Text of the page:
Sacramento Sex Scandal Offers Lessons About Hypocritical California Politics

Lawmakers want to meddle in everything you do, but they protect each other.


There are few areas of private life that California's legislators won't at least attempt to meddle in, which makes it that much more infuriating when the Capitol crowd can't get its own house in order. I'm thinking, of course, about the unfolding sexual-harassment scandal, and lawmakers' amazing efforts to basically look the other way.

Nothing to see here, just keep moving on. Maybe, by the time lawmakers get back to work in January, the whole mess will be off the news pages. Then they can go back to doing what they do best—regulating and hectoring the rest of us. But, for now, the rest of us can at least learn some stellar lessons about political hypocrisy.

One key lesson is that a lawmakers' publicly stated positions and posturing have little to do with how they might handle any particular scandal.

The latest evidence of this comes from KPIX-TV in the Bay Area, which reported that Sen. Nancy Skinner (D-Berkeley), "is a vocal supporter of women's rights, so her silence on the matter of Assemblyman Raul Bocanegra's sexual harassment case is surprising." But "this isn't the first time she's been silent when it comes to sexual harassment" and that particular San Fernando Valley Assembly member, according to the news report.

Last month, a longtime legislative staffer, Elise Flynn Gyore, told the Sacramento Bee that in 2009 then-staffer Bocanegra followed her like "prey" at a nightclub and unexpectedly "put his hands up my blouse and down my blouse and was grabbing me." The Assembly Rules investigation found it "more likely than not that Mr. Bocanegra engaged in behavior that night which does not meet the Assembly's expectations for professionalism."

Bocanegra was disciplined, but the matter was brushed under the rug. Per the TV station, Bocanegra ran for his seat with the backing of the Democratic Party. He recently apologized but remains the powerful majority whip. KPIX obtained a copy of a letter 11 women sent to the rules committee seeking the file on the sexual-harassment complaint. Skinner was the chairwoman of the committee, and the TV station interviewed one of the letter's signers "who confirmed, Nancy Skinner never responded to their request."

This might not be as hypocritical as when, say, former Sen. Leland Yee, a San Francisco Democrat known for his strident gun-control positions, was arrested on corruption and gun-trafficking allegations after an undercover operation in that city's Chinatown that was worthy of a Hollywood movie. But it's close.

That leads to another lesson: Any new rules apply to us, not them.

You'll hear hyperbolic rhetoric on the Assembly and Senate floors warning about the crisis du jour, such as a wave of sexual abuse on college campuses. In 2014, the governor signed a "yes means yes" law that "requires affirmative consent—affirmative, conscious and voluntary agreement to engage in sexual activity—throughout the encounter, removing ambiguity for both parties," according to its authors.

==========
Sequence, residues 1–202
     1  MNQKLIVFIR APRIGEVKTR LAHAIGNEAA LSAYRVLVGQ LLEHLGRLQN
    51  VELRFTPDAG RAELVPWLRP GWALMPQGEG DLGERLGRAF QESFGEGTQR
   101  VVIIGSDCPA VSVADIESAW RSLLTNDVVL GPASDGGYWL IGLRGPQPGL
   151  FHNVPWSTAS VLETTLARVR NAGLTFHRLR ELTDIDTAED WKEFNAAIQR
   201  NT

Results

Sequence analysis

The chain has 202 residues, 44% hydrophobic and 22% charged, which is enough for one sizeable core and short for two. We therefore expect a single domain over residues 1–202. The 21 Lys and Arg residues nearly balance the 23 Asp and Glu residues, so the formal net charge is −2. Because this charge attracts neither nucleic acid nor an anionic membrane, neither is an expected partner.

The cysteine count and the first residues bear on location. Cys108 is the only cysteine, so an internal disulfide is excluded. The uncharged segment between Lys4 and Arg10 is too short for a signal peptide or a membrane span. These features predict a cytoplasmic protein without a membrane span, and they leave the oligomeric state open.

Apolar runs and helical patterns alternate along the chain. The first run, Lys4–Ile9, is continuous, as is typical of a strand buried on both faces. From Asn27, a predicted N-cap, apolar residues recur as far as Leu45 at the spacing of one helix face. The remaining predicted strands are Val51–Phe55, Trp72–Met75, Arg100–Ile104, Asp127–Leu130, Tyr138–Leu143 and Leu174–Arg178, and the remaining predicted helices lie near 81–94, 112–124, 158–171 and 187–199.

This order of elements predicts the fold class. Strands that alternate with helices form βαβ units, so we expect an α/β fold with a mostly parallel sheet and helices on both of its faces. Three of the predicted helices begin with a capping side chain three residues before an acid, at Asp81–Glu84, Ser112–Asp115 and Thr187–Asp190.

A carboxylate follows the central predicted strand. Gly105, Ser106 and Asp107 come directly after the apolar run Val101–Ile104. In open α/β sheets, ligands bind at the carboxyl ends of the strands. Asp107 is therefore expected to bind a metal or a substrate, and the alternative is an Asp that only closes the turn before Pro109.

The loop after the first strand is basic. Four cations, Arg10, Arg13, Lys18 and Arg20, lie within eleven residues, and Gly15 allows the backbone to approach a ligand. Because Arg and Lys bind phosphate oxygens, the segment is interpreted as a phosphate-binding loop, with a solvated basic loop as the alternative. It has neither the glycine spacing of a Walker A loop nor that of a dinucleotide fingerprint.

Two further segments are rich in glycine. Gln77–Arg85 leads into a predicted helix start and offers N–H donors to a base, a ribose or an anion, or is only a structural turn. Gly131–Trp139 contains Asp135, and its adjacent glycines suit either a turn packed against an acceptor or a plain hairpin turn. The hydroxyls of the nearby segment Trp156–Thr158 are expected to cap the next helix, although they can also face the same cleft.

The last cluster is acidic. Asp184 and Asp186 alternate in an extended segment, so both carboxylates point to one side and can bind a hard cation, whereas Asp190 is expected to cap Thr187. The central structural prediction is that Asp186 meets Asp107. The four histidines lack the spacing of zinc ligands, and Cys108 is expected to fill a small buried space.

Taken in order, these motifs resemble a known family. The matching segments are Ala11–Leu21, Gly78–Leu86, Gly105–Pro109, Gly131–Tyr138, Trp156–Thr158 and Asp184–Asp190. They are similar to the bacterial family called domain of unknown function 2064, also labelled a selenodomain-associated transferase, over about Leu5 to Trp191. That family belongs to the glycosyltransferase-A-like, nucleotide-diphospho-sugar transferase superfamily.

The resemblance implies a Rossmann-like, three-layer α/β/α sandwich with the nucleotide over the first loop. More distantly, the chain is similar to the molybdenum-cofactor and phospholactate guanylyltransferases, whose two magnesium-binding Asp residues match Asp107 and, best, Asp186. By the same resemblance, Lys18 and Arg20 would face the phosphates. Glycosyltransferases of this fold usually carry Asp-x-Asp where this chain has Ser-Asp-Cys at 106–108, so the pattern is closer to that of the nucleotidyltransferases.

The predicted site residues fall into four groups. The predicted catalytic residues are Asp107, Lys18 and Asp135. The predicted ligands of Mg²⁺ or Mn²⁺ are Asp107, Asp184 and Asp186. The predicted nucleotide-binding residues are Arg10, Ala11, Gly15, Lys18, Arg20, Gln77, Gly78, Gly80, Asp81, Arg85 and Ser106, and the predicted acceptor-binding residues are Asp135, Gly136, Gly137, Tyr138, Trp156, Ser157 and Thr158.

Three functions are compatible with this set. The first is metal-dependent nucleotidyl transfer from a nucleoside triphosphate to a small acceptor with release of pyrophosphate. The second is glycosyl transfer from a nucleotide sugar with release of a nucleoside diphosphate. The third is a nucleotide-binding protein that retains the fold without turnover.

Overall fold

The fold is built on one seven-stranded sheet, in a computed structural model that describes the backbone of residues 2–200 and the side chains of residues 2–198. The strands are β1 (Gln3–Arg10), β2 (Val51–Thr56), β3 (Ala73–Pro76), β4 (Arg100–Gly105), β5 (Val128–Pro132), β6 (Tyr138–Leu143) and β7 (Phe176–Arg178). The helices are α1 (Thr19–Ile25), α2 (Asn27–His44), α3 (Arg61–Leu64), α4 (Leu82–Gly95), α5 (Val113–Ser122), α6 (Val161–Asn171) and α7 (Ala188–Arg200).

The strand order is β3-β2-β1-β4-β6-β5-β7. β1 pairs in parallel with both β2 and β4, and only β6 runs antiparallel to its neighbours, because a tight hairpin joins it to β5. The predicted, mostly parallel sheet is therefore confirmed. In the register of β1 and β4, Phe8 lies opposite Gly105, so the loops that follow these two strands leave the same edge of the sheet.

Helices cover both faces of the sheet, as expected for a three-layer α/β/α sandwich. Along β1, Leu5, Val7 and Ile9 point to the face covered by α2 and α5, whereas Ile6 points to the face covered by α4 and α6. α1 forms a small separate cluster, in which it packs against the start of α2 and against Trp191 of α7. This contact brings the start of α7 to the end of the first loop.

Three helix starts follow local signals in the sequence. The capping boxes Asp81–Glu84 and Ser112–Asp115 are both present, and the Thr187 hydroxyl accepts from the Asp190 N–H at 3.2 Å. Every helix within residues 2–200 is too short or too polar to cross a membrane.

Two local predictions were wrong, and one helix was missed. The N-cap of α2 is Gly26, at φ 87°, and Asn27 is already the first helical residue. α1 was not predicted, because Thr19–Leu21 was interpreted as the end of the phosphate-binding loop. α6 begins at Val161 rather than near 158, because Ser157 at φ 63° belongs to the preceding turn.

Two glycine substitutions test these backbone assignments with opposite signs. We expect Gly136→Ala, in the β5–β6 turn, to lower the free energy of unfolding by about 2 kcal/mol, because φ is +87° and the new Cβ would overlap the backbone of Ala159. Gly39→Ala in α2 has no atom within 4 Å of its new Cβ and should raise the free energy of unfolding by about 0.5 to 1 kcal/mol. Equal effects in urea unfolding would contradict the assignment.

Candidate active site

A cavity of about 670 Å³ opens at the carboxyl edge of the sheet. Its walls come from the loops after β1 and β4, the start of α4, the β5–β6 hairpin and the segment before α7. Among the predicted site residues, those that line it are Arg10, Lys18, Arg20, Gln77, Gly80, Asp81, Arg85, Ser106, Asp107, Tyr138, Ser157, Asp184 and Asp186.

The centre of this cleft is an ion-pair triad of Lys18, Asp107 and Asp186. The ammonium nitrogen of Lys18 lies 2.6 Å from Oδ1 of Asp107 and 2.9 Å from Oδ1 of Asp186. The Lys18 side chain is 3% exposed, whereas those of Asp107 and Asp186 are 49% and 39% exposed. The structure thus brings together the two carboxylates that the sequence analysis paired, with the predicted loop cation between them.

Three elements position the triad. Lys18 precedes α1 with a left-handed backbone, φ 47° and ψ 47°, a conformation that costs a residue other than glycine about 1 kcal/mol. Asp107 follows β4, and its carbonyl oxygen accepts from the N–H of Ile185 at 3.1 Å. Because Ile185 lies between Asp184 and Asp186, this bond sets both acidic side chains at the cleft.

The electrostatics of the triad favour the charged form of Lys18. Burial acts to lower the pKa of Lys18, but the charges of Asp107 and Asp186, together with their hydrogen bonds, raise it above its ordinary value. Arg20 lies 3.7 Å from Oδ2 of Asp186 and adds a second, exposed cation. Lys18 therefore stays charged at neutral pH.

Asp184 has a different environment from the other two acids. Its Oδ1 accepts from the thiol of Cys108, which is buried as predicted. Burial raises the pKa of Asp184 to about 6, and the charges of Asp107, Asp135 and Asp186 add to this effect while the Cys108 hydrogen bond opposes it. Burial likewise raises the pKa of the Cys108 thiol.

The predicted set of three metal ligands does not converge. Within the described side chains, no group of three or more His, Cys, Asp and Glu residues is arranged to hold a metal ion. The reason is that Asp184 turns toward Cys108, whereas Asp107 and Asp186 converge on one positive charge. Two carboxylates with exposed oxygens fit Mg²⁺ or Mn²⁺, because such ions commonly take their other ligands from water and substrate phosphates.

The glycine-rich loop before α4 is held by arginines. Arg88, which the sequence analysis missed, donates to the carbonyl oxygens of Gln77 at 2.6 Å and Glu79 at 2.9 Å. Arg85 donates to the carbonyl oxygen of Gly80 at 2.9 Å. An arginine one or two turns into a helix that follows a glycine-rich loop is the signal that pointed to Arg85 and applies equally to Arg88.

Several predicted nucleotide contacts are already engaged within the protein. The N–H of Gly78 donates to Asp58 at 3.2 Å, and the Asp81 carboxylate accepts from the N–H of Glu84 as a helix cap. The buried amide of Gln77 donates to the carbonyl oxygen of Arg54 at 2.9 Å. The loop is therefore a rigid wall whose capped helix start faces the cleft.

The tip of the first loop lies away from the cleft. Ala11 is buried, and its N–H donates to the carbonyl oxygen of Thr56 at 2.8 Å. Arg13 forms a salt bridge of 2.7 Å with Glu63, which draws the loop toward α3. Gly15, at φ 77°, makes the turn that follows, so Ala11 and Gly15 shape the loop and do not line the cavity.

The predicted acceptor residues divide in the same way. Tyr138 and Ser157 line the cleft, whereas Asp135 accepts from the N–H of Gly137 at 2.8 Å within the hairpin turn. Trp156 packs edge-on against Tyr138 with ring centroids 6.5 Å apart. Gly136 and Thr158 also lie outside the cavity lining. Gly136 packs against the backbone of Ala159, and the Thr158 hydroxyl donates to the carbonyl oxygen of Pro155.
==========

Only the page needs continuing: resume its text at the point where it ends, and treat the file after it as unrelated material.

I'm certainly not downplaying campus assaults, but there's far less of a zeal to do anything about the cascading evidence of deep, cultural problems regarding sexual harassment within the Capitol. Some scandals apparently are more worthy of action than others.

Gyore spoke out following publication of an open letter from 140 influential women—including six sitting lawmakers—complaining that many men in the Capitol "leveraged their power and positions to treat us however they would like." Why didn't they speak out? They didn't want to make waves given that these men often "hold our professional fates in their hands." They detailed an ugly culture in a state that "postures itself as a leader in justice and equality."

Those are stinging allegations, backed up by reports that the legislature quietly paid out $850,000 in taxpayer-funded harassment settlements over the past couple decades. The California Legislative Women's Caucus issued a statement noting that "the absence of repercussions is yet another example of the pervasive culture of sexual harassment within California politics." So much for this being a fuss about isolated examples.

Everyone deserves due process, of course. Yet this year the legislature passed a bill that, as The Atlantic summarized it, "would have broadened the definitions and rules regarding alleged sexual misconduct for students attending California colleges and universities." It was an effort to reinstate portions of an Obama-era edict that were gutted by the Trump administration.

Brown's unusually long veto message explained that some anti-harassment policies may "have also unintentionally resulted in some colleges' failure to uphold due process for accused students." Now that the Capitol is awash in accusations, we might expect newfound concern about due process—once the leadership gets around to seriously addressing the unfolding scandal.

Or look for new calls for better "training," which is how the Senate responded after three of its members faced criminal charges. Sure, finding hypocrisy among lawmakers is as surprising as finding waste in the bureaucracy, but it's shocking nonetheless.